In a similar way, Davies and Atia redefine nostalgia as ‘a force that complicates, rather than one that simplifies’ (2010: 181); a desire framed by Nicholas Dames as a critical switch towards a ‘purposeful functionalism’, revealing ‘the therapeutics, rather than the diagnostics, of nostalgia.’ (2010: 274). Fredric Jameson has argued that when coupled with self-awareness, nostalgia can act as an agent for change: ‘there is no reason why a nostalgia conscious of itself, a lucid and remorseless dissatisfaction with the present on the grounds of some remembered plenitude, cannot furnish as adequate a revolutionary stimulus as any other’ (1971: 82). Understood in these senses, the appearance of nostalgia in new nature writing illustrates the different ways that places can come to be known.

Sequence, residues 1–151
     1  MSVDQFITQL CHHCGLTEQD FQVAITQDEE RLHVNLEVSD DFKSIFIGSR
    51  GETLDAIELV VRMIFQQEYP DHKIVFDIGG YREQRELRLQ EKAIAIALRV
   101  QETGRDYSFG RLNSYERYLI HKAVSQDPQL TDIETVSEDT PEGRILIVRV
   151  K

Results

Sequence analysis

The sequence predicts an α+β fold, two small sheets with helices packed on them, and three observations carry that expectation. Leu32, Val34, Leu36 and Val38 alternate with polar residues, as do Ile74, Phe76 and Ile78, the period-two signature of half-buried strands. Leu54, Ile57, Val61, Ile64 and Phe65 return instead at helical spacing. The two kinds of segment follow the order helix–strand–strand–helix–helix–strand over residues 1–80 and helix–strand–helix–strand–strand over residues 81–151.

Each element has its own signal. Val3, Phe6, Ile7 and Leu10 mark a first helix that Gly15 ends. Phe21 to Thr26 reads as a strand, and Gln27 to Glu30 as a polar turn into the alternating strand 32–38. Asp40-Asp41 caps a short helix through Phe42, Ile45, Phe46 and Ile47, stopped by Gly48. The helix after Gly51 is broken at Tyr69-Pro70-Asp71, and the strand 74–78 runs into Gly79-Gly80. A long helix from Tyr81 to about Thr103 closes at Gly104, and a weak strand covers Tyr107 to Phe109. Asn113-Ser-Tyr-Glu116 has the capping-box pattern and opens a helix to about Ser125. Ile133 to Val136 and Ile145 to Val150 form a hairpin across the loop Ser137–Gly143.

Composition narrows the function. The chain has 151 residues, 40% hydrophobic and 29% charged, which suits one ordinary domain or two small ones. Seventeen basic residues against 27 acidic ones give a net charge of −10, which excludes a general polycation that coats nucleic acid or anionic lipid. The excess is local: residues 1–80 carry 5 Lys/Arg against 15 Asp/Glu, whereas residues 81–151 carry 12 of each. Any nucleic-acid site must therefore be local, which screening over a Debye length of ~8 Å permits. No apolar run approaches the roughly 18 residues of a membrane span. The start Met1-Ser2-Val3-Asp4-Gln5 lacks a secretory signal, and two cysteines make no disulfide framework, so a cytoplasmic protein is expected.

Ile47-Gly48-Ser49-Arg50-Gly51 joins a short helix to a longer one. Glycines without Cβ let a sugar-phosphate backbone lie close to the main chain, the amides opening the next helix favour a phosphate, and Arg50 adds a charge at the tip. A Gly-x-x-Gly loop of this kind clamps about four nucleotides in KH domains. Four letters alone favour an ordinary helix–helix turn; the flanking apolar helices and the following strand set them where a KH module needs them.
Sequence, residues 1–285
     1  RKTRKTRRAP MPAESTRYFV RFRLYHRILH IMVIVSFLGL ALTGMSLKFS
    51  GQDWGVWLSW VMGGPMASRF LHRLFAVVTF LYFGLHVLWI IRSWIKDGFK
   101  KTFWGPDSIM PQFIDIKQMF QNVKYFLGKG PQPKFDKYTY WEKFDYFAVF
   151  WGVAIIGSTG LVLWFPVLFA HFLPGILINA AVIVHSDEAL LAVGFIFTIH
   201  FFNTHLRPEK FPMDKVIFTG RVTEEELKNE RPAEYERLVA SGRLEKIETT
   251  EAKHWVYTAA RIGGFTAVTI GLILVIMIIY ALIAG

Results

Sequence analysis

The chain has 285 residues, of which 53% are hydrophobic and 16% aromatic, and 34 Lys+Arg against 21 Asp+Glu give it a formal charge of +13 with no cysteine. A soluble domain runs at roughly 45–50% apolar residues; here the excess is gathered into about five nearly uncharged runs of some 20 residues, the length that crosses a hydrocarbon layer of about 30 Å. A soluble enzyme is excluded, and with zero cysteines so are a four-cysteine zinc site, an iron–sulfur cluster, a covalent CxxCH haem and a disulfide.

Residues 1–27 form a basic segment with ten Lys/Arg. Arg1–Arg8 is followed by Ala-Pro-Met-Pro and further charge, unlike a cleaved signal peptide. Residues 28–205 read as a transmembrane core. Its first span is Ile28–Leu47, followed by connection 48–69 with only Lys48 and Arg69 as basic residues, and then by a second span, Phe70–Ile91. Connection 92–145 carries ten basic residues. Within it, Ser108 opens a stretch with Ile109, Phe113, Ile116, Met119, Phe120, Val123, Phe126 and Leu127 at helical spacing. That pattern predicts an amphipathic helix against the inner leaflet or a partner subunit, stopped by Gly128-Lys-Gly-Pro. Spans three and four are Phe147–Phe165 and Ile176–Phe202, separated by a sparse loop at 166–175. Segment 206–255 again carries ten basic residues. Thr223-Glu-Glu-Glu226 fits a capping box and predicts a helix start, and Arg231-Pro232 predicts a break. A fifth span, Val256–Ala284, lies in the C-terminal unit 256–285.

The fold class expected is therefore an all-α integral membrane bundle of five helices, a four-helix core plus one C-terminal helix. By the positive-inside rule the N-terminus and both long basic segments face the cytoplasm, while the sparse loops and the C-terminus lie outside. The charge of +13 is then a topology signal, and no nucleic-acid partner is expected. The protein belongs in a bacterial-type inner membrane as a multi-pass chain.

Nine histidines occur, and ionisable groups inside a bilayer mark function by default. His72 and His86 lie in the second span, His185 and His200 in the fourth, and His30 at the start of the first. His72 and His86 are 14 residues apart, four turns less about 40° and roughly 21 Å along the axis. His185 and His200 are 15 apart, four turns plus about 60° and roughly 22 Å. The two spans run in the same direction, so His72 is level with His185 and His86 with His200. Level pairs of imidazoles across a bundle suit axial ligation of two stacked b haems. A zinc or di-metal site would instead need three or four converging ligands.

CITATION: Deborah Lilley, "Recovering Nostalgia in Nature Writing," Alluvium, Vol. 2, No. 3 (2013): n. pag. Web. 13 May 2013, http://dx.doi.org/10.7766/alluvium.v2.3.03